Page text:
A cell responds to pollutants - such as dioxin - via intricate and complex biochemical pathways beginning with the interaction of the pollutant molecule with a cell surface receptor. Christopher Bradfield and colleagues used yeast as a model system to elucidate the steps involved in the pathway that regulates vertebrate cell response to dioxin, the aryl hydrocarbon receptor (AHR) signal transduction pathway. To assess the molecules and pathways involved in the AHR pathway, the research group studied 4507 yeast "deletion" strains, each strain missing one gene from its genome. In this way Bradfield and colleagues identified 54 genes that had a significant influence on AHR response. Only two of these genes, termed modifiers, had been previously identified.
Though yeast does not naturally possess AHR, it is an ideal genetic model due to its small, well-characterized genome and similarity to vertebrate systems. Because yeast have been so well studied, the researchers were able to construct a "protein interaction network," (PIN) based on previously known interactions between the proteins encoded by the 54 modifier genes. The resulting map revealed groups of highly connected, related modifiers. The authors show that these modifiers group into five discrete biochemical steps in the pathway of dioxin signaling. Not only did they succeed in identifying potentially new genes involved in the signaling pathway but they were able to identify one of the modules as a previously undescribed nuclear step in the signaling pathway.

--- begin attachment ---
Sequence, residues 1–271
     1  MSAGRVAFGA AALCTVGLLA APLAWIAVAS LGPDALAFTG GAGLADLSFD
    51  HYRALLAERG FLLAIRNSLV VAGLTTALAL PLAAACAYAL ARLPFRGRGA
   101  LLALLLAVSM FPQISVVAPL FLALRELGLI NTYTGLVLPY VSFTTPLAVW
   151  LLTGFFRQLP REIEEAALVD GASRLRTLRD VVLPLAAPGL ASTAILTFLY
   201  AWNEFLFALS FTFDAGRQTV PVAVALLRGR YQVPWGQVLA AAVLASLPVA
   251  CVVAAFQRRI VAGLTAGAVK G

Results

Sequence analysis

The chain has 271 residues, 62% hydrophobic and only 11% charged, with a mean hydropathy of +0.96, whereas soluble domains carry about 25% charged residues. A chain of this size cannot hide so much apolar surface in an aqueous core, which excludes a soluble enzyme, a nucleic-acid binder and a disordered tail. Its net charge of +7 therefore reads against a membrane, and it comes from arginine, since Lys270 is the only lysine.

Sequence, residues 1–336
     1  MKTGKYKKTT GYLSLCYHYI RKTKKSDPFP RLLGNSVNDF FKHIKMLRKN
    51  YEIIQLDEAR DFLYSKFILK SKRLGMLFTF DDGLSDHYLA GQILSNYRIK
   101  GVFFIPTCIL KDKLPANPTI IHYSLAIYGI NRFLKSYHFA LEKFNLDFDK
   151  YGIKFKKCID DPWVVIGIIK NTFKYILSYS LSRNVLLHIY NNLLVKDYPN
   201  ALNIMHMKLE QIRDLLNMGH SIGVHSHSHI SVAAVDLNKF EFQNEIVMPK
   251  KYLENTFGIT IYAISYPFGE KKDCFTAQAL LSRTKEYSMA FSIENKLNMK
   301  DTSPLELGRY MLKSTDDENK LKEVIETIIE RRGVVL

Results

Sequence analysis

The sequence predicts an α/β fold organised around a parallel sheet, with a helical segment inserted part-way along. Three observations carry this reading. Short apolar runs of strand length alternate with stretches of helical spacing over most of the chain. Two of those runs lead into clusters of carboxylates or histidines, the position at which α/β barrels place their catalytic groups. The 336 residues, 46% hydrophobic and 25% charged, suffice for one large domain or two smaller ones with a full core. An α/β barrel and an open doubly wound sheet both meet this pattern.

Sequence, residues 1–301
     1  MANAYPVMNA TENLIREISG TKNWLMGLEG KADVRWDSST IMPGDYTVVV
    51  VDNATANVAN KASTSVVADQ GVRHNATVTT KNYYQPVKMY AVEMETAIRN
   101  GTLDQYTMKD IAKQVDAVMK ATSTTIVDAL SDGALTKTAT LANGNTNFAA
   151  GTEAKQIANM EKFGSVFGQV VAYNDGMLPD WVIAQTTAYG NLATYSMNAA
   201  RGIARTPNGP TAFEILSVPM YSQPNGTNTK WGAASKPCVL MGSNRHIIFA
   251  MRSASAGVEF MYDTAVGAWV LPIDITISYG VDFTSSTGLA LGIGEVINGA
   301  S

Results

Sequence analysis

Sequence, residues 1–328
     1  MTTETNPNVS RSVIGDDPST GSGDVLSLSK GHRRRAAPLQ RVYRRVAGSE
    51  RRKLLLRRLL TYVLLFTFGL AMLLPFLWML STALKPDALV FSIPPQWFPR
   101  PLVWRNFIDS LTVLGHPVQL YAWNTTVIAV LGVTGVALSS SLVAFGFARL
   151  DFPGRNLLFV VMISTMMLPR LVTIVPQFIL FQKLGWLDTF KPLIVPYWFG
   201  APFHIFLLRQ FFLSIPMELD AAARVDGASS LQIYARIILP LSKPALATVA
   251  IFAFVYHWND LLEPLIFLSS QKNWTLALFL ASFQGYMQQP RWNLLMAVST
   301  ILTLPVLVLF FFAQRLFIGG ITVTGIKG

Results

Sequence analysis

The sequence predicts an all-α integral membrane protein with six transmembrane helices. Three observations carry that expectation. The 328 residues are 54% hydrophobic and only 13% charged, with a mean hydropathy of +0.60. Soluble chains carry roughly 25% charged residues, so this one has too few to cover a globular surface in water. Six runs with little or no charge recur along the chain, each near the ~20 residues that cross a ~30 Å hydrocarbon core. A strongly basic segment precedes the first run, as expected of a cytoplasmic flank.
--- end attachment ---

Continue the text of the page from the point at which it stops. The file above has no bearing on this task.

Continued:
Source: Eurekalert & othersLast reviewed: By John M. Grohol, Psy.D. on 21 Feb 2009
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